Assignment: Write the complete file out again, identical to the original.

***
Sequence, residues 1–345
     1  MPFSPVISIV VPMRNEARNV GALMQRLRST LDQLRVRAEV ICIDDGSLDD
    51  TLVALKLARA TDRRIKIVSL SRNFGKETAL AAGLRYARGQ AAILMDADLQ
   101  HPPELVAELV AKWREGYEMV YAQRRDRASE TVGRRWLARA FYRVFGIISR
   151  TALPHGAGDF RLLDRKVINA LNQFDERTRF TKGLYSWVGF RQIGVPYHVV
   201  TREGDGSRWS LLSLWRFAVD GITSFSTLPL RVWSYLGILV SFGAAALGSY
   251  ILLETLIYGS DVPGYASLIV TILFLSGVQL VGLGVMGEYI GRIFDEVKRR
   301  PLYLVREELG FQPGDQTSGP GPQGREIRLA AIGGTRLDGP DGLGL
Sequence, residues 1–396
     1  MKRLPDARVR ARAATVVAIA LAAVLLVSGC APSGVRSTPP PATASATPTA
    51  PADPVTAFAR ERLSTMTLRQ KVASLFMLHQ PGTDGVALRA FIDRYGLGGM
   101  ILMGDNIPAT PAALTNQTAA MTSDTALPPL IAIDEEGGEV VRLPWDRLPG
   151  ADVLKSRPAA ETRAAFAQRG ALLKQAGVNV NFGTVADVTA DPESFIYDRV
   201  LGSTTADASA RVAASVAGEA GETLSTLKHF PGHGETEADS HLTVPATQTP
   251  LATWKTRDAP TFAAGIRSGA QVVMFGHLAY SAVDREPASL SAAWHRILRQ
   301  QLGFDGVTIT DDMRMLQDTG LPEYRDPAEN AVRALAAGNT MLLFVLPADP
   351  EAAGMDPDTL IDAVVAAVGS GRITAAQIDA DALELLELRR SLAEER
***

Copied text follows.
Sequence, residues 1–345
     1  MPFSPVISIV VPMRNEARNV GALMQRLRST LDQLRVRAEV ICIDDGSLDD
    51  TLVALKLARA TDRRIKIVSL SRNFGKETAL AAGLRYARGQ AAILMDADLQ
   101  HPPELVAELV AKWREGYEMV YAQRRDRASE TVGRRWLARA FYRVFGIISR
   151  TALPHGAGDF RLLDRKVINA LNQFDERTRF TKGLYSWVGF RQIGVPYHVV
   201  TREGDGSRWS LLSLWRFAVD GITSFSTLPL RVWSYLGILV SFGAAALGSY
   251  ILLETLIYGS DVPGYASLIV TILFLSGVQL VGLGVMGEYI GRIFDEVKRR
   301  PLYLVREELG FQPGDQTSGP GPQGREIRLA AIGGTRLDGP DGLGL
Sequence, residues 1–396
     1  MKRLPDARVR ARAATVVAIA LAAVLLVSGC APSGVRSTPP PATASATPTA
    51  PADPVTAFAR ERLSTMTLRQ KVASLFMLHQ PGTDGVALRA FIDRYGLGGM
   101  ILMGDNIPAT PAALTNQTAA MTSDTALPPL IAIDEEGGEV VRLPWDRLPG
   151  ADVLKSRPAA ETRAAFAQRG ALLKQAGVNV NFGTVADVTA DPESFIYDRV
   201  LGSTTADASA RVAASVAGEA GETLSTLKHF PGHGETEADS HLTVPATQTP
   251  LATWKTRDAP TFAAGIRSGA QVVMFGHLAY SAVDREPASL SAAWHRILRQ
   301  QLGFDGVTIT DDMRMLQDTG LPEYRDPAEN AVRALAAGNT MLLFVLPADP
   351  EAAGMDPDTL IDAVVAAVGS GRITAAQIDA DALELLELRR SLAEER